Orison is a new company, one that’s offering quite a simple solution to solar storage. Their battery unit is small and elegant in design, it looks just like a lamp so you can basically put it anywhere. The plus side to this battery is that you can self-install it, there’s no need to pay anyone to do it for you. The downside is it holds comparatively less energy than most of the other batteries on the market, at 2.2kWh. However, the plug and play capability is a massive advantage over most of the higher capacity options. The current price is the equivalent of £1127.79, retailing at $1,600 dollars in the US.
Sunverge offers a range of options in terms of capacity. The options start at 6 kWh and go up to 23 kWh unlike some of the other batteries available, where you have to add on multiple batteries to get your desired capacity, you can just purchase the option with the capacity you require which means this unit could be particularly applicable to a business setting. The company also offers a really useful app alongside their units to monitor energy storage and grid price, however, this is sold separately. The unit can cost anything from £5638.97 to £14,097.41 (converted from dollars) depending on the capacity. The drawback with this option is the set up, you have to get a Sunverge engineer to install it. As they are based in America it could make for a very pricey install!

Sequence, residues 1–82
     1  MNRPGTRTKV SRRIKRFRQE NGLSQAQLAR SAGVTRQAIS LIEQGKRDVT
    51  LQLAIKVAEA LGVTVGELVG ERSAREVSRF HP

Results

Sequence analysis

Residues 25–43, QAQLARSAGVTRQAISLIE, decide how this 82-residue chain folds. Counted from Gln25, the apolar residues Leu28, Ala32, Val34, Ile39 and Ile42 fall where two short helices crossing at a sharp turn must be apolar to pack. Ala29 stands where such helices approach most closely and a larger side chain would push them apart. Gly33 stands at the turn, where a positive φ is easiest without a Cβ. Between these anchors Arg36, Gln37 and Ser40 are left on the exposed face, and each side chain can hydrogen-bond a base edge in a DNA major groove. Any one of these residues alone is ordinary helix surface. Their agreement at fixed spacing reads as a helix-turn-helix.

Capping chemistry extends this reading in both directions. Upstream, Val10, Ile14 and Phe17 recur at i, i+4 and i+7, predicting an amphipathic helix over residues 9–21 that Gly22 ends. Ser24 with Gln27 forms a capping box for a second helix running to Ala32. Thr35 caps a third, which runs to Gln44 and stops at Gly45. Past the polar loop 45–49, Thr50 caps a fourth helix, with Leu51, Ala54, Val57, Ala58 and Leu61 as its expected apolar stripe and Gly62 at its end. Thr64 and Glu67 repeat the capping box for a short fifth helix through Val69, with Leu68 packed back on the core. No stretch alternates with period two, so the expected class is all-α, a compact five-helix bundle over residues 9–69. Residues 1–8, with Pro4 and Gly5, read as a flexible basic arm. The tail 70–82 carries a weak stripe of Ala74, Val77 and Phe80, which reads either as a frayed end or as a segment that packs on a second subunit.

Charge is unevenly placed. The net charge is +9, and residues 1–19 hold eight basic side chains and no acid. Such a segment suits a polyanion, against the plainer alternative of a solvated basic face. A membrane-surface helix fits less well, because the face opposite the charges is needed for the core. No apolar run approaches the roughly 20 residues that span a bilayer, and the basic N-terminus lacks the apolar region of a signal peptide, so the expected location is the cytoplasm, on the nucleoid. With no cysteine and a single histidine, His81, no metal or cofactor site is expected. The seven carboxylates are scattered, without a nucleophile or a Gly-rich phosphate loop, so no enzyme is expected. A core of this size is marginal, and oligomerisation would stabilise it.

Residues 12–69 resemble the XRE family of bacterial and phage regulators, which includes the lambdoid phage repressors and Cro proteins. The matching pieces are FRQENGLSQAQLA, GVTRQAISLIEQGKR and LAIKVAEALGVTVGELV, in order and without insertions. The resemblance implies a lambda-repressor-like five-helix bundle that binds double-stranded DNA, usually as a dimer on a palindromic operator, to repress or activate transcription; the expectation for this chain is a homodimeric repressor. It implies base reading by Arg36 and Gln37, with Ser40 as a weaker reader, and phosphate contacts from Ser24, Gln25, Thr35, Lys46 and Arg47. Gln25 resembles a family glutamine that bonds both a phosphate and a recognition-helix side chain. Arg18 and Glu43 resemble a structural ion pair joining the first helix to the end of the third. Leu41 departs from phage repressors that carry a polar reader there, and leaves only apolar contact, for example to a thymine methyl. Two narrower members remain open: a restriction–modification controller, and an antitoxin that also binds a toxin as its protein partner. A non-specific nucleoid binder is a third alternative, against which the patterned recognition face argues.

Panasonic have developed an ‘at-home’ battery that can store up to 8kWh of energy. There is no price available at this point, but the unit will be available in Australia, then there are plans to introduce the unit to Europe. The relatively small unit, 1380mm tall by 966mm wide, is being marketed on its ability to maximise the usage of the solar energy for the home and provide a backup if power goes down. The unit works alongside a network adapter, meaning you can monitor and control demands.
Mercedes have introduced a stackable battery unit into the German market, but soon the technology will be rolled out internationally. The unit stores a small 2.5kWh, however, much like the Tesla Powerwall, it is stackable so you can link it with multiple batteries to create larger storage capacity; the maximum is 20 kWh. The unit inspired by electric automobile technology also has an app to monitor the batteries performance.
The unit costs over £6000, for such small capacity this seems like a lot, but it does include installation price. When compared to the rest of the options that include installation it is not particularly expensive.